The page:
For most of us, fashion and style aren’t really on the forefront of our brain. There I said it. It’s sad, but true. Even though we get dressed every single day and our clothes say so much about who we are; more often than not, people just don’t focus on fashion and style. I’ve been guilty of it, too. I haven’t thought about my own coat closet until it started getting colder and I was having a moment getting dressed looking all stylish from head to toe, and then literally did not have a winter coat to pull the look together. You can wiggle your way out of it all you want, but there’s simply no way around properly stocking your coat closet for the winter season.
As you know, I’m reading Betty Halbreich’s Secrets Of A Fashion Therapist: What You Can Learn Behind The Dressing Room Door and writing a blog series about building my wardrobe. In chapter two of her book, she outlines the different types of coats you need and why you need them for a properly stocked coat closet. This is a wardrobe gap in my closet. I’ve been avoiding it for too long. Tis’ the season now for coat shopping, and it’s time for an update. I loathe coat shopping because it’s expensive, but I know once I make the investment I’ll be set. And that’s the fun part! Once you have what you need you can switch up your coats with other shoes, scarves, etc. in your wardrobe and a good winter coat can truly go the distance.
There’s Truly A Coat For Everything.
Looking back on my walk in closet days when most of my disposable income went into my closet, I really had everything I needed. I remember this white puffer jacket that paired perfectly with my casual Reebok sneakers both in winter white when I didn’t feel like dressing up in the colder months. I had a long houndstooth dress peacoat with a shawl collar for fancy night outs, a black leather jacket, spring cropped zip jackets in multiple neutral colors, jean jackets, and a black wool zip up winter coat for every day wear. I was set! It’s my goal to get back to that place in my wardrobe where I literally have everything I need in my closet, regardless of the season, and regardless of the occasion!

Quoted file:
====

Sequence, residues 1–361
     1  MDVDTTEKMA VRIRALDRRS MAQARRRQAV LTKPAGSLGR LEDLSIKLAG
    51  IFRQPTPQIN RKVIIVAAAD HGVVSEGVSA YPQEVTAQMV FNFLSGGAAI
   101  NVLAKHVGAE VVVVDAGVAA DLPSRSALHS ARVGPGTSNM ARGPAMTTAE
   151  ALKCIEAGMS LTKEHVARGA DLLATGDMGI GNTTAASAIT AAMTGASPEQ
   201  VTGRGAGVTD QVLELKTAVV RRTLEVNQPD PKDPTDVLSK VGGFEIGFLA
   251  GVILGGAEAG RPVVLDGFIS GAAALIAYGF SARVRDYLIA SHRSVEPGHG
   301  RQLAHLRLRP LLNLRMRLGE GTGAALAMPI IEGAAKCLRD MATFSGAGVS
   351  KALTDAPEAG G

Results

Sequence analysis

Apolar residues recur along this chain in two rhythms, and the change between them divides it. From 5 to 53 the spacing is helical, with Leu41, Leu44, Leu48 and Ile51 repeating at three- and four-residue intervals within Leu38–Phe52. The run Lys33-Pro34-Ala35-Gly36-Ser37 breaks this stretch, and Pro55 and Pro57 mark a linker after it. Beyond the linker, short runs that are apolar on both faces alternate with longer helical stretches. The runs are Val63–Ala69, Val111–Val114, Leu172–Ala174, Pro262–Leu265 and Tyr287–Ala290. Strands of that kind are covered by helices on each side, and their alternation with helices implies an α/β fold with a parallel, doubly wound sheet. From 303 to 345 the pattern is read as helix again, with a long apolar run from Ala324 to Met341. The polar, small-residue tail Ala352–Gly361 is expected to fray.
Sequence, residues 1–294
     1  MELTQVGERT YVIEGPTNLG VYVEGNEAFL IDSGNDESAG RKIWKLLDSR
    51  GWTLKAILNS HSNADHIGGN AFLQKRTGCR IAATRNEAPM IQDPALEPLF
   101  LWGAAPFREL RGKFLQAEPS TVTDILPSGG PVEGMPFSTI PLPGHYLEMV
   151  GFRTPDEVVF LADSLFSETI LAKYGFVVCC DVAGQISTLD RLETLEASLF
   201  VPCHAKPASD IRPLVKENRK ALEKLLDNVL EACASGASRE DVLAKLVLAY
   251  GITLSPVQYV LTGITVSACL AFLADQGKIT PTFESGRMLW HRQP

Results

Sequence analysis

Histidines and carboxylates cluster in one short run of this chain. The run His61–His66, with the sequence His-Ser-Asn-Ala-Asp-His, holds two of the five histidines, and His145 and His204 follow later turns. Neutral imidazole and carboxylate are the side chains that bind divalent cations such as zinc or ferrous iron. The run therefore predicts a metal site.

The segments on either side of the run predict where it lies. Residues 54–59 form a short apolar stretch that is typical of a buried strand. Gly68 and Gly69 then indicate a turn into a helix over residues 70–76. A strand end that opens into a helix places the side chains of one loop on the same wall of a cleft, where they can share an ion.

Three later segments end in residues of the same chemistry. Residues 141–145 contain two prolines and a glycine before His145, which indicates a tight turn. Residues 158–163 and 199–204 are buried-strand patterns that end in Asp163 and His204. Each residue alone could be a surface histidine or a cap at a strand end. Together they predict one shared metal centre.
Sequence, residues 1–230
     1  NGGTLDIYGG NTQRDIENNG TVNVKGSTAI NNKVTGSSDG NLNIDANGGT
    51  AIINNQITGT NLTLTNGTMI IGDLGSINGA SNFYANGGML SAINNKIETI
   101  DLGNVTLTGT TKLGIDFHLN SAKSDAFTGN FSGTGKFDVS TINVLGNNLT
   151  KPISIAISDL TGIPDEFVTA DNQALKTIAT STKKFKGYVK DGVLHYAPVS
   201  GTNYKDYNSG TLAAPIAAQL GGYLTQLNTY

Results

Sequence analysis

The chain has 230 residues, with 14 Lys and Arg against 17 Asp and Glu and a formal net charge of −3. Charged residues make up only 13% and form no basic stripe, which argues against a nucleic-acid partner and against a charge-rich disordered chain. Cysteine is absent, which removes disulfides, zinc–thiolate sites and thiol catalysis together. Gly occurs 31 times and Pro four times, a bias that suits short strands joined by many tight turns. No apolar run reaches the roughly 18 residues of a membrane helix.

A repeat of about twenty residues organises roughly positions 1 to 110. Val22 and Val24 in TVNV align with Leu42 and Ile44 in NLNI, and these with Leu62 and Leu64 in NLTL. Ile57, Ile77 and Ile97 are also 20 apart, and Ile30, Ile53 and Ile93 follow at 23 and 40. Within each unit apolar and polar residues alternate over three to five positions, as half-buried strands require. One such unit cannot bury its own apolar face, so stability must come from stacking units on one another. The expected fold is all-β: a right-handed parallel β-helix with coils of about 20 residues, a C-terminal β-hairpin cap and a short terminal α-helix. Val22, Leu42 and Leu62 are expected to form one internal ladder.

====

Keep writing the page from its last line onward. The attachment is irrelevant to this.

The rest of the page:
Getting Creative With Finding Temporary Coat Solutions.
Thank God, Betty Halbreich wrote a book all about building a wardrobe so we can stay organized and shop with intention! As I moved my seasonal summer clothes out of my closet, I quickly realized I had a huge wardrobe gap in the coat section. I immediately enlisted my uncle’s winter pieces as some temporary solutions. He kindly lent me his long black leather trench coat, which is a bit hard and utilitarian for me to wear, but came in handy in those colder fall days when I was walking to work in a pleated skirt and needed the coverage and warmth in the rain! He’s also lent me a quilted black bomber utility jacket from Macy’s that he never wears, which works wonderfully with sneakers and boots for a more casual girls night out when I don’t want to dress to the nines.
Navigating The Coat Section: What To Buy And Why.
It takes time to build up your coat closet. For one thing, it’s an investment. A good winter coat is hard to find for a hundred dollars or less. Especially, if you’re shopping for the long run and want a coat that lasts and is equally functional doing what you need it to do while keeping you dry and warm. I always tell my clients: only buy what you love. There’s plenty of coats on the market, and sometimes it’s overwhelming when you’re really in need of a winter coat, and you just want to get it done, so you buy one that doesn’t quite fit, or it’s in a color that’s just okay. Let me be very clear: you’re going to be wearing this for 3 months straight. It’s very important that you get the fit and color right so you don’t hate it every time you put it on. I like to shop with a Love At First Sight mindset. Kinda like romantic partners, you know when you know. If you have to sit and think about whether you and the guy you just met have chemistry, then you probably don’t. Same with the coat. If it doesn’t fit, and it’s not quite right — don’t force it.